Speech by the Minister Dekker at the Council of Europe conference on Independence of Justice and the Rule of Law
Speech by the Minister for Legal Protection, Sander Dekker, at the Council of Europe conference on “Independence of Justice and the Rule of Law”, 9 November 2020.
(Engels uitgesproken, English only)
Ladies and gentlemen,
Let me first of all thank our Greek hosts for their leadership under these difficult circumstances.
I am grateful that the chair decided to organise a digital conference on such an important topic as the Independence of Justice and the Rule of Law.
One of the main pillars of the Council of Europe is the rule of law. This core principle has a direct impact on the daily lives of over 830 million citizens across 47 countries.
While we, as nations, may have different national identities, legal systems and traditions, the core principles of the rule of law are the same across Europe. Respect for the rule of law is essential for all our citizens.
Ensuring respect for the rule of law is a responsibility of each country, but we have a shared stake and we all have a role to play in addressing and resolving rule of law issues wherever they appear.
Our constitutional, legal and political systems generally reflect high rule of law standards. That is something to be proud of! However, in light of the serious challenges we face today, there is no room for complacency.
All over Europe, we see cases where the resilience of rule of law safeguards is being tested. Shortcomings concerning the key principle of the independence of justice become more evident every day.
What we need is a strong commitment to execute judgments of independent and impartial courts. At the national and international level.
Sooner or later, every government will have to deal with court rulings that are not, or not fully, in line with government policy. Including rulings by independent courts regarding other Council of Europe states. Even then, or especially then, it is our duty and obligation to uphold and strengthen the rule of law.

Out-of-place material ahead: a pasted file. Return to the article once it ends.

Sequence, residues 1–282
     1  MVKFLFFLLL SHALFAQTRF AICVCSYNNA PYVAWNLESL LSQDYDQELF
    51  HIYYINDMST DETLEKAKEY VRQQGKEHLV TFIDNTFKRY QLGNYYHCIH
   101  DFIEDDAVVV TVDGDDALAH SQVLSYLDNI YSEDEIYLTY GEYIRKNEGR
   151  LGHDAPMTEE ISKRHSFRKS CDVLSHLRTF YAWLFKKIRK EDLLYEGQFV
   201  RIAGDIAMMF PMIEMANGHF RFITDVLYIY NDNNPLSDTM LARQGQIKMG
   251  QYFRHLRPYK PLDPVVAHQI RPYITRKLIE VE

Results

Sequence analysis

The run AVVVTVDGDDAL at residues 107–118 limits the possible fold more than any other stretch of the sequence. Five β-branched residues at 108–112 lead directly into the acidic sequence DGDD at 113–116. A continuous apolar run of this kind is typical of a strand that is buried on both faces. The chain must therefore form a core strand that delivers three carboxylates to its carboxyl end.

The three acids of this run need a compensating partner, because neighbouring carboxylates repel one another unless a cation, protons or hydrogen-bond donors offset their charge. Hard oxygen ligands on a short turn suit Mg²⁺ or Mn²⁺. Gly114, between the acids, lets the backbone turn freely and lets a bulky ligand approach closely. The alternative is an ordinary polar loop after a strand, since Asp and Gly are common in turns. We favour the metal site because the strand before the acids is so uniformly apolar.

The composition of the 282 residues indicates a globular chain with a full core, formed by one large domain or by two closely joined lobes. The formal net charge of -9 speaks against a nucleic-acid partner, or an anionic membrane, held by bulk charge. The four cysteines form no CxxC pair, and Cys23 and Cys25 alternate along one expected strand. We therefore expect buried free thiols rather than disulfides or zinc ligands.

When it comes to cooperation between countries, we need an effective and rules-based European system. Without this, judicial cooperation is impossible.
The European Court of Human Rights is also of vital importance to the rule of law. The failure to execute judgments in a timely manner can undermine the credibility of the Convention system. Non-implementation of Court judgments also erodes the basis for pan-European cooperation in important areas such as migration/asylum and the fight against crime. As expressed in the Copenhagen Declaration in 2018: Such failures to implement the Court’s judgments must be confronted in an open and determined manner. The Netherlands therefore deems is crucial that the Committee of Ministers can perform the important task of supervising the execution of judgments with sufficient capacity and speed.
Ladies and gentlemen, let me conclude. We face serious challenges. For the benefit of our citizens and in order to continue our cooperation we have to keep shedding light on issues concerning the rule of law and the independence of justice. This is a shared responsibility.
It is also important that we continue to adhere to the standards developed by the Council of Europe when it comes to the independence of justice but also in other important areas such as with the Istanbul Convention on violence against women and domestic violence.
Together and under the guardianship of the Council of Europe I am sure we can meet the challenges ahead.